Swedish startup wins EU funding to print organic indoor solar panels

The EU has granted €3.3mn to a consortium led by Swedish startup Epishine. The group's mission is to boost the development of organic solar panels.   

In this case, organic refers to solar panels that are carbon-based. Instead of using silicon to conduct electricity, these solar panels utilise organic molecules.

Organic solar cells are very lightweight, cheap, semi-transparent, printable, and flexible. They can also convert indoor light into electricity. That can be from sunlight streaming in through an open window or completely artificial light, such as LEDs or halogen bulbs.

The downside is that organic solar panels degrade a lot faster than their silicon counterparts, meaning they're not much good for use outdoors. However, they're perfectly suited for powering smaller electronics like remote controls and wireless keyboards or IoT devices.  

“This funding will enable us to further accelerate our joint market efforts and continue our mission of making self-powered electronics the standard,” said Anders Kottenauer, Epishine's CEO. The company says it aims to make single-use batteries and cables “a thing of the past.”

Small is beautiful

This CO2 Display by Bulgaria's MClimate monitors carbon dioxide levels in the air. It's powered by Epishine's solar tech. Credit: Epishine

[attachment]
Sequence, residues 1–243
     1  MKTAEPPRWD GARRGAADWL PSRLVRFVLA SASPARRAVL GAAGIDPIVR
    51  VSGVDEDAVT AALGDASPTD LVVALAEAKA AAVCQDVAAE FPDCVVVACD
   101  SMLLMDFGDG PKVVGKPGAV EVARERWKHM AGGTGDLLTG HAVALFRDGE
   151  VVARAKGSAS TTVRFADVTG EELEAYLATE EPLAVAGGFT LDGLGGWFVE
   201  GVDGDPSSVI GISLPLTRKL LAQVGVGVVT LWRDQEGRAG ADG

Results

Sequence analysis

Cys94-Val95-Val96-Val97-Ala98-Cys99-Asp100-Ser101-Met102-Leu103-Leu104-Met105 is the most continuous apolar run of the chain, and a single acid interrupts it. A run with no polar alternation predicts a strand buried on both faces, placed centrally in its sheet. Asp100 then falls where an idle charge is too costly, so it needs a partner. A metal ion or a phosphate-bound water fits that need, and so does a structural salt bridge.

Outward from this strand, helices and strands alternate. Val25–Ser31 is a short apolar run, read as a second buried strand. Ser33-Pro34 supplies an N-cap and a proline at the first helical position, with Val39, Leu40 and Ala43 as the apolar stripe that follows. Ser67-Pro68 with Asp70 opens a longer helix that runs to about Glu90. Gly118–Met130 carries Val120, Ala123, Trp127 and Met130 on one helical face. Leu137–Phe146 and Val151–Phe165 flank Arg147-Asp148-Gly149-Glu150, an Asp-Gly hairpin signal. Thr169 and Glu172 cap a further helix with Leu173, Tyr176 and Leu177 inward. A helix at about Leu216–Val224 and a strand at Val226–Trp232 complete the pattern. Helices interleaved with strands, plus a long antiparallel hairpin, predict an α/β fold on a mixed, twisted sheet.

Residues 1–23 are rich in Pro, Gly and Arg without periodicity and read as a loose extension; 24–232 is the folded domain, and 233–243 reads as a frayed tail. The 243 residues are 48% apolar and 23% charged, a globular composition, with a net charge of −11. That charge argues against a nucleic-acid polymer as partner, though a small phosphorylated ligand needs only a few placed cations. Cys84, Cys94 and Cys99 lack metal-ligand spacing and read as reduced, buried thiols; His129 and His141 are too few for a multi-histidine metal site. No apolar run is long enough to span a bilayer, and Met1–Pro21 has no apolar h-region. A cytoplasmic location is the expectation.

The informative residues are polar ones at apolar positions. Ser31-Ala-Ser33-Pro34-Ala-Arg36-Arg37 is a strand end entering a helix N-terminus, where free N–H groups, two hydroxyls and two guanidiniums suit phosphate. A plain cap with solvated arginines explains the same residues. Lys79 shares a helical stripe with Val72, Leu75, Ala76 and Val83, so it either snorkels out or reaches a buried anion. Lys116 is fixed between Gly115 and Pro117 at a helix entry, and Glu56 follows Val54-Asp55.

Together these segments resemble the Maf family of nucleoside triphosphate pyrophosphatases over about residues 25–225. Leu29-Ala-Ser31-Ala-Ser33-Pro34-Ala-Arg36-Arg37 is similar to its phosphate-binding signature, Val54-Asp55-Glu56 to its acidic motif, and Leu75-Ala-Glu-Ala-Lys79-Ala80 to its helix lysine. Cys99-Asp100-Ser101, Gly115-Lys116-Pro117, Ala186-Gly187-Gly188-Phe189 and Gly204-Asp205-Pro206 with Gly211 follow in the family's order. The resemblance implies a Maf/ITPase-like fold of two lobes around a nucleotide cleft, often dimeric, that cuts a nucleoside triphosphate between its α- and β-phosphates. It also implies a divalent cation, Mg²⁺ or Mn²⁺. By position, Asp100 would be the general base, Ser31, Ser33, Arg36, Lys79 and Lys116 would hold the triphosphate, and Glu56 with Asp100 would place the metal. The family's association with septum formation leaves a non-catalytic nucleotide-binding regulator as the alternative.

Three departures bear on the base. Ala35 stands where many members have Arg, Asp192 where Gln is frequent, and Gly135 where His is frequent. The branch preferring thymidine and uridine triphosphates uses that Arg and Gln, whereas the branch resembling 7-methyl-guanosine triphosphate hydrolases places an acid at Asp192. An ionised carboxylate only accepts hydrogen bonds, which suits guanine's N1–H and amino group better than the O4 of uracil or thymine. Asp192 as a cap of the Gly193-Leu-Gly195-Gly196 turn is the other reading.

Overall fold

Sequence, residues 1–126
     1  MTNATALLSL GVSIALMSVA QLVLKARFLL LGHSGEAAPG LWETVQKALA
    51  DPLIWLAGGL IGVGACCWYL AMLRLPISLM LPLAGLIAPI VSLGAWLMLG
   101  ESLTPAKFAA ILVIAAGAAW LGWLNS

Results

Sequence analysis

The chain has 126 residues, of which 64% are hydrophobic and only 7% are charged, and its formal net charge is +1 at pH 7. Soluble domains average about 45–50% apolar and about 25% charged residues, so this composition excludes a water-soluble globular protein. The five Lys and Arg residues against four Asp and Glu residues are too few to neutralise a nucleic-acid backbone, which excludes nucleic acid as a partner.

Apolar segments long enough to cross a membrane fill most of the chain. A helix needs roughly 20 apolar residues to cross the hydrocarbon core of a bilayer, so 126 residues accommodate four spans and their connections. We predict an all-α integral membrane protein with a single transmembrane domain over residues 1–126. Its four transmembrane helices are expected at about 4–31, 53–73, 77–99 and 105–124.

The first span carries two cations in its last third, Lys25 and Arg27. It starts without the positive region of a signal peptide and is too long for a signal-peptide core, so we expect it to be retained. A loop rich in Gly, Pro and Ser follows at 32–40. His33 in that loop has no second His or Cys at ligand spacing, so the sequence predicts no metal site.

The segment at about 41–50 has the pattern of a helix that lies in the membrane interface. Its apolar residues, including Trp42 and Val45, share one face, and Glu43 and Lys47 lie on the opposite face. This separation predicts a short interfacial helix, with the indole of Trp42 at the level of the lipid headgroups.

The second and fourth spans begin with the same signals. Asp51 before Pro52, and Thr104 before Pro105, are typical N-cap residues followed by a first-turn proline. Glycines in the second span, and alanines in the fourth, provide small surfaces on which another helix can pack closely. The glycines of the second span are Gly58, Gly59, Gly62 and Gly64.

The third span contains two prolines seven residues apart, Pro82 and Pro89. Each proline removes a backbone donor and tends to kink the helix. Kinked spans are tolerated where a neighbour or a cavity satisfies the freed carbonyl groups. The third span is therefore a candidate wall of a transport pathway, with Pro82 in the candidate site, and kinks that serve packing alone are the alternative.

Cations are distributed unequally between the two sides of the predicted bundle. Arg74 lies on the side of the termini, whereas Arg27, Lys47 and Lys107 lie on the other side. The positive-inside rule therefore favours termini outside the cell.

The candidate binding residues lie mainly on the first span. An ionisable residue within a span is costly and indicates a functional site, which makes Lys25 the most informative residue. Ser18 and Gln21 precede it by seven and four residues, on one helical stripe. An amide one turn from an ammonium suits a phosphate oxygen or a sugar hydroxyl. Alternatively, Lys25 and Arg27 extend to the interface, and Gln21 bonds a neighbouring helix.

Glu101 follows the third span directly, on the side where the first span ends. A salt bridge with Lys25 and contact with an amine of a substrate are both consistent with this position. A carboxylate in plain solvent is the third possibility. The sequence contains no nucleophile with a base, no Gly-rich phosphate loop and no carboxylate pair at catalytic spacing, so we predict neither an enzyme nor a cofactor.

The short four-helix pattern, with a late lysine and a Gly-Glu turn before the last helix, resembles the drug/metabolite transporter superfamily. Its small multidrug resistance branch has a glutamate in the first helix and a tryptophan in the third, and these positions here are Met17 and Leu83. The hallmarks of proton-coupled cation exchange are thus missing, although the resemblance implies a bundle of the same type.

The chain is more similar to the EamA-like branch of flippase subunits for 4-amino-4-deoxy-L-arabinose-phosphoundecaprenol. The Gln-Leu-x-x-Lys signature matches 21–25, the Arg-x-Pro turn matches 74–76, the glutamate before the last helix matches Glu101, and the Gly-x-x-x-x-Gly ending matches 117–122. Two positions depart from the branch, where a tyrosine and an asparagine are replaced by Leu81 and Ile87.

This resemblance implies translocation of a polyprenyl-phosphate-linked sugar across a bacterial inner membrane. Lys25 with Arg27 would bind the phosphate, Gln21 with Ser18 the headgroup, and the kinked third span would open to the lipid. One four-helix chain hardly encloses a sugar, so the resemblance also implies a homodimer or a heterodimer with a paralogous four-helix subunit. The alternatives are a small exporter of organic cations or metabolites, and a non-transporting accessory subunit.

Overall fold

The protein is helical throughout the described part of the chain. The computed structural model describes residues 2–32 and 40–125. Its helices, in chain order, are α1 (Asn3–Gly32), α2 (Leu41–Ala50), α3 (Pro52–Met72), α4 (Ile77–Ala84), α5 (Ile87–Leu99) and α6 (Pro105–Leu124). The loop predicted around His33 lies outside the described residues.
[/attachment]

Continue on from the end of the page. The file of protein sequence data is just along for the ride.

Just last week, German telecommunications manufacturer Sentinum and Epishine launched a self-charging temperature and humidity sensor. Epishine has also built solar-powered electronic shelf labels and integrated circuits for chips. The company is even working with China's Nichicon to develop a self-charging battery powered by light. 

“Two of Epishine's strengths are the thin flexibility of our csolar cells and their high efficiency in very low light conditions,” said Matthias Josephson, co-founder of Epishine. “For these types of products we seem to have a unique product market fit.” 

In November, Epishine opened a new solar cell factory to meet growing demand. The new facility has the capacity to produce 100 million modules annually, using the company's roll-to-roll printing technology. This system prints solar cells on very long rolls of plastic, which can dramatically speed up production. 

Details of the funding and consortium are currently scant. We have reached out to Epishine to find out more and will update this article if we receive a response with more information.

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